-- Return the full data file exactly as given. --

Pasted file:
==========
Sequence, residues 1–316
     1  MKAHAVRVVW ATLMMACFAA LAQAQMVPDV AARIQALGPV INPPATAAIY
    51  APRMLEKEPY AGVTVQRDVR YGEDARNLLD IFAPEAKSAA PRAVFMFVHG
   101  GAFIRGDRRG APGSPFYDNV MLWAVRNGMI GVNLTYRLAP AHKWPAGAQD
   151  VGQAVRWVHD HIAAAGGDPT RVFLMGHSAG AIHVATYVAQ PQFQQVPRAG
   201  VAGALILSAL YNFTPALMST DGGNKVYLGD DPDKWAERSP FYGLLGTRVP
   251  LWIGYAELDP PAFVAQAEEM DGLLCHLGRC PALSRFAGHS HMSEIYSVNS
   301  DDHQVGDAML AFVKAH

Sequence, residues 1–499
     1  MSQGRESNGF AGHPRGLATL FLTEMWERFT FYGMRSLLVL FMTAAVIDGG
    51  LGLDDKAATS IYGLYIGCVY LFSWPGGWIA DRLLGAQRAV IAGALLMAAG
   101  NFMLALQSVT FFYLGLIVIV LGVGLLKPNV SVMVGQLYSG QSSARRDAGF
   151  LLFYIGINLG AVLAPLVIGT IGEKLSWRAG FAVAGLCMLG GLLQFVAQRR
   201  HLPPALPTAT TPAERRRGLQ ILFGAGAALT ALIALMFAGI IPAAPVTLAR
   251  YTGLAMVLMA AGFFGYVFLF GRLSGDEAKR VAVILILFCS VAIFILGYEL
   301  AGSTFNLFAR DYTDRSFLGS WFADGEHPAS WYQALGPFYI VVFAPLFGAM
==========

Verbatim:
Sequence, residues 1–316
     1  MKAHAVRVVW ATLMMACFAA LAQAQMVPDV AARIQALGPV INPPATAAIY
    51  APRMLEKEPY AGVTVQRDVR YGEDARNLLD IFAPEAKSAA PRAVFMFVHG
   101  GAFIRGDRRG APGSPFYDNV MLWAVRNGMI GVNLTYRLAP AHKWPAGAQD
   151  VGQAVRWVHD HIAAAGGDPT RVFLMGHSAG AIHVATYVAQ PQFQQVPRAG
   201  VAGALILSAL YNFTPALMST DGGNKVYLGD DPDKWAERSP FYGLLGTRVP
   251  LWIGYAELDP PAFVAQAEEM DGLLCHLGRC PALSRFAGHS HMSEIYSVNS
   301  DDHQVGDAML AFVKAH

Sequence, residues 1–499
     1  MSQGRESNGF AGHPRGLATL FLTEMWERFT FYGMRSLLVL FMTAAVIDGG
    51  LGLDDKAATS IYGLYIGCVY LFSWPGGWIA DRLLGAQRAV IAGALLMAAG
   101  NFMLALQSVT FFYLGLIVIV LGVGLLKPNV SVMVGQLYSG QSSARRDAGF
   151  LLFYIGINLG AVLAPLVIGT IGEKLSWRAG FAVAGLCMLG GLLQFVAQRR
   201  HLPPALPTAT TPAERRRGLQ ILFGAGAALT ALIALMFAGI IPAAPVTLAR
   251  YTGLAMVLMA AGFFGYVFLF GRLSGDEAKR VAVILILFCS VAIFILGYEL
   301  AGSTFNLFAR DYTDRSFLGS WFADGEHPAS WYQALGPFYI VVFAPLFGAM